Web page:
The region may have escaped Hurricane Jose’s wrath, but Hurricane Maria — which strengthened from a tropical storm to a Category 5 hurricane in just 24 hours — would not be so kind. Maria — the second Category 5 storm to hit the Caribbean in two weeks — made landfall on September 18, unleashing its fury on the small island nation of Dominica.

As Maria approached, USAID began immediately coordinating response efforts with the Government of Dominica thanks to our local disaster expert, Cecil, who rode out the once-in-a-lifetime storm in his home outside the capital city of Roseau.

As the scope of the devastation became clear, USAID quickly deployed additional staff to support relief efforts on Dominica, as well as neighboring Martinique and Guadeloupe. The DART immediately began conducting damage assessments and aggressively airlifting relief commodities — including hygiene kits, chainsaws, kitchen sets, water containers, blankets, plastic sheeting, and chlorine to purify drinking water.

USAID DART Leader Tim Callaghan (center) discusses ongoing response efforts with U.S. Marine Col. Michael V. Samarov, commander of Joint Task Force — Leeward Islands (right), in Roseau, Dominica on Sept. 30, 2017. At the request of USAID, the U.S. military deployed aircraft and service members to assist in delivering relief supplies to Dominica in the aftermath of Hurricane Maria. Photo credit: Sgt. Melissa Martens, U.S. Marine Corps

USAID DART Leader Tim Callaghan (center) discusses ongoing response efforts with U.S. Marine Col. Michael V. Samarov, commander of Joint Task Force — Leeward Islands (right), in Roseau, Dominica on Sept. 30, 2017. At the request of USAID, the U.S. military deployed aircraft and service members to assist in delivering relief supplies to Dominica in the aftermath of Hurricane Maria. (Sgt. Melissa Martens, U.S. Marine Corps)

On Dominica, Hurricane Maria washed out many bridges and roads, so USAID once again requested the unique capabilities of the U.S. military.

The USAID DART worked shoulder-to-shoulder with the U.S. Department of Defense to ensure these items were strategically distributed to communities cut off by the storm.

By the end of its successful three-and-a-half week mission, the U.S. military flew a total of 55 humanitarian missions and delivered 155 metric tons of relief supplies.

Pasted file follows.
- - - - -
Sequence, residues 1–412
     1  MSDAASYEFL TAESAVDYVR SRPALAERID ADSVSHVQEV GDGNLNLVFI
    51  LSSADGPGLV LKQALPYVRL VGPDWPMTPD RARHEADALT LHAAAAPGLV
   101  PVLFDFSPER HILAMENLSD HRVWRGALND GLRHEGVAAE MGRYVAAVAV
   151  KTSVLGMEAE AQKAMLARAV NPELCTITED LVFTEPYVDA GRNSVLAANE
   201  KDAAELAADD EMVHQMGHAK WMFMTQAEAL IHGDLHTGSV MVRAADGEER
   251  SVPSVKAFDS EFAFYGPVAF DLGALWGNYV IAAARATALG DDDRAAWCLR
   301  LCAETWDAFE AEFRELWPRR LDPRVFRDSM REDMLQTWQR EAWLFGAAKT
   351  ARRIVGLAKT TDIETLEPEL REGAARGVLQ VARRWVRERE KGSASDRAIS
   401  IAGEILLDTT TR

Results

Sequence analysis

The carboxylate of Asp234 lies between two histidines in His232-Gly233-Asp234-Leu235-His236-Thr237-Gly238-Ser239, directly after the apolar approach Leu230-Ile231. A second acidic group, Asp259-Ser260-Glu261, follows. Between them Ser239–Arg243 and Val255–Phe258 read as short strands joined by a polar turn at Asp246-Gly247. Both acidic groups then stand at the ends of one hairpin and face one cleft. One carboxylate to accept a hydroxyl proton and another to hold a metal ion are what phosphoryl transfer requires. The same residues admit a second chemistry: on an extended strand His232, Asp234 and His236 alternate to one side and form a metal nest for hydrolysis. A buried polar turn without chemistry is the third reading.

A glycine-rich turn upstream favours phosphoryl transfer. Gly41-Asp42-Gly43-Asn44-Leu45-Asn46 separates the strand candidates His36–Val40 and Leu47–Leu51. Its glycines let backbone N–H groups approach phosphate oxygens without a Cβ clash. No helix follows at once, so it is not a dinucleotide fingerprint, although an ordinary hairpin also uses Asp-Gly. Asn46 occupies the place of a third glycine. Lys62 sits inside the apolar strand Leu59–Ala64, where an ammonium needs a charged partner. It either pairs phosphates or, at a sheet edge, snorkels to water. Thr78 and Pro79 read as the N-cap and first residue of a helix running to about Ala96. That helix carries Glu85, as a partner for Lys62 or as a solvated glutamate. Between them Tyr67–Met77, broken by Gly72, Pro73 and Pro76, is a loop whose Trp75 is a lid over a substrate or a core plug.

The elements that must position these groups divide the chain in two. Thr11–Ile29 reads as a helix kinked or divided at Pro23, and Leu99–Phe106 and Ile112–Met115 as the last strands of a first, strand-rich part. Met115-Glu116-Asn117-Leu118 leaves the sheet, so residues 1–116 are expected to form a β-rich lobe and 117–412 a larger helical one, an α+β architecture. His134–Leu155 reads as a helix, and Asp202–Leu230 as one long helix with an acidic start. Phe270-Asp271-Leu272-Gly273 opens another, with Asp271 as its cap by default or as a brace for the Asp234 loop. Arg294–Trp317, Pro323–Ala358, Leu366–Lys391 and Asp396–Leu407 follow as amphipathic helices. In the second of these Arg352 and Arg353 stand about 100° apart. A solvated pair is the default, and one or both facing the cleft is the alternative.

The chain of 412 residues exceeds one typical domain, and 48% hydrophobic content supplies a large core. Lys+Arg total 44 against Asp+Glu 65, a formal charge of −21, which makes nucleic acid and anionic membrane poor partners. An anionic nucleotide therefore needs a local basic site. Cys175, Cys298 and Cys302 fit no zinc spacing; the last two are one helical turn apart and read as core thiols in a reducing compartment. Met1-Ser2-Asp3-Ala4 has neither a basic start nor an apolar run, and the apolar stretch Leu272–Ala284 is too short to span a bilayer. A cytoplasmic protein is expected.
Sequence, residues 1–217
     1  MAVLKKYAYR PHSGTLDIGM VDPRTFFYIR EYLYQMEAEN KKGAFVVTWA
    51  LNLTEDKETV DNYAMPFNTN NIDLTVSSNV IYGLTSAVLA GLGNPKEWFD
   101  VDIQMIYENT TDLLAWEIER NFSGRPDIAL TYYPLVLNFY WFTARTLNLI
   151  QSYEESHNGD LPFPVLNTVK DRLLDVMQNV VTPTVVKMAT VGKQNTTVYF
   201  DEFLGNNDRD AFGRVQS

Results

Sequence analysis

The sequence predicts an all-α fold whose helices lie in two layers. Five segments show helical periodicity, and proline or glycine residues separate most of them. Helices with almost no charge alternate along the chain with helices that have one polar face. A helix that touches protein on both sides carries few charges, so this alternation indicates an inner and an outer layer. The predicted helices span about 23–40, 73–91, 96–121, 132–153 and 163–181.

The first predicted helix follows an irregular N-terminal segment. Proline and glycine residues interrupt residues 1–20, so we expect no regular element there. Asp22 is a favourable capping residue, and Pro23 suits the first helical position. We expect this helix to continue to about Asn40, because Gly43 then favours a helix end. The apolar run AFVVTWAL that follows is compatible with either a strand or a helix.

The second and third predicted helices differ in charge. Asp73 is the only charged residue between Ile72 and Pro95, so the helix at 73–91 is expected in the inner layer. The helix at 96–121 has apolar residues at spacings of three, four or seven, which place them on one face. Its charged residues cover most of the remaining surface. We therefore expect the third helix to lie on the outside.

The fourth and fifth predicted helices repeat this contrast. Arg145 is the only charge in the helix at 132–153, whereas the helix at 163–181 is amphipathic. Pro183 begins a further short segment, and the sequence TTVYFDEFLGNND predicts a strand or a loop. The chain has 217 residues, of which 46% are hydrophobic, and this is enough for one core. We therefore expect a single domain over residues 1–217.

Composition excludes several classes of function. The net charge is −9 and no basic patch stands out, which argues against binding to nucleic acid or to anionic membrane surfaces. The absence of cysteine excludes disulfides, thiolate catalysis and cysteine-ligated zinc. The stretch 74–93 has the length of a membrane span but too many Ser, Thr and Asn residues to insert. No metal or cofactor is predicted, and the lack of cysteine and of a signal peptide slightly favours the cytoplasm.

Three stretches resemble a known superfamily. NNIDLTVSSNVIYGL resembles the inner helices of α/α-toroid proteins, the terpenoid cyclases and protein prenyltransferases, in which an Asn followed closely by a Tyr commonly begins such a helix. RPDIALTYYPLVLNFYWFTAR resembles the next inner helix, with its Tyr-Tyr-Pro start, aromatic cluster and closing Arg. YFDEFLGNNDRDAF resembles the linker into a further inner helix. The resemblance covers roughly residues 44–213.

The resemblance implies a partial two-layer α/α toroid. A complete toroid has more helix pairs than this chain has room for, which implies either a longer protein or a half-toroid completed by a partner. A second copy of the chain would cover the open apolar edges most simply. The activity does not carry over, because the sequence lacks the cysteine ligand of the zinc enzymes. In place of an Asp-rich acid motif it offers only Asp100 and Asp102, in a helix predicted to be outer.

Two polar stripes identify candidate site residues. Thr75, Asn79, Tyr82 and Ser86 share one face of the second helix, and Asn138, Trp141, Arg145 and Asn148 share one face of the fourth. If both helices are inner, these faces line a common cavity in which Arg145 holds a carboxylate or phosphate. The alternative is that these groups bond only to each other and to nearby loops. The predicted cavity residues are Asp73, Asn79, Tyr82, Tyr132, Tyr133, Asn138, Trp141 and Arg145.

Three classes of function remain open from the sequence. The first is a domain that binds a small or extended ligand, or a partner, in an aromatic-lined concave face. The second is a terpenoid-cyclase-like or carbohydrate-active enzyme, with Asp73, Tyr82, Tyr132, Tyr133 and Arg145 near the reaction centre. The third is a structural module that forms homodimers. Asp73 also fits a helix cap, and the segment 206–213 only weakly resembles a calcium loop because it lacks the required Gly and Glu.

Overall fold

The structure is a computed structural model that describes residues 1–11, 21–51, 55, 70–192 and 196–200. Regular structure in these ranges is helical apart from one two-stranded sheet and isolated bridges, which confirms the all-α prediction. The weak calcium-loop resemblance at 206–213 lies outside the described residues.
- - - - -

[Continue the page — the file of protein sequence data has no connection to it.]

On Dominica, USAID coordinated closely with the U.S. military to deliver critical supplies to people affected by Hurricane Maria.

On Dominica, USAID coordinated closely with the U.S. military to deliver critical supplies to people affected by Hurricane Maria. (Sgt. Melissa Martens, U.S. Marine Corps)

 

In coordination with the USAID DART, the U.S. military flew 55 humanitarian missions and delivered 155 metric tons of relief supplies.

In coordination with the USAID DART, the U.S. military flew 55 humanitarian missions and delivered 155 metric tons of relief supplies. Photo credit: Capt. Jeremy Croft), U.S. Marine Corps

Because Hurricanes Irma and Maria blew the roofs off so many homes, USAID prioritized the delivery of heavy-duty plastic sheeting to be cut and distributed to affected families. In fact, we airlifted enough plastic sheeting to go around New York City almost one-and-a-half times! On Dominica, members of our DART even made house calls, showing folks how to properly use the materials to protect their homes.

“This disaster was a roofing crisis,” said DART Leader Tim Callaghan. “Everywhere I looked, I saw roofs torn off buildings, leaving people and their belongings exposed to the elements.

DART Teams add plastic sheeting where roofs were blown off.

Peter Schecter, USAID/OFDA

Marathon hurricane season comes to an end

As this year’s hurricane season draws to a close, USAID has also drawn down its emergency response, and is now supporting affected communities as they begin early recovery efforts.

By the end of its month-long response in the Caribbean, USAID had deployed 54 people to 11 locations to help save lives. In addition, USAID airlifted more than 185 metric tons of relief supplies, which are helping up to 83,800 people.

U.S. Response to Caribbean Hurricanes

As we look towards 2018, we’re already restocking our warehouses and pre-positioning supplies around the region, because as Mother Nature showed us, you can never be too prepared!

Editor's Note: This entry originally appeared in USAID's 2030: Ending Extreme Poverty in This Generation publication on Medium.com

For more information:

  • Read more about USAID’s Caribbean Hurricanes response here.
  • Follow USAID/OFDA on Facebook and Twitter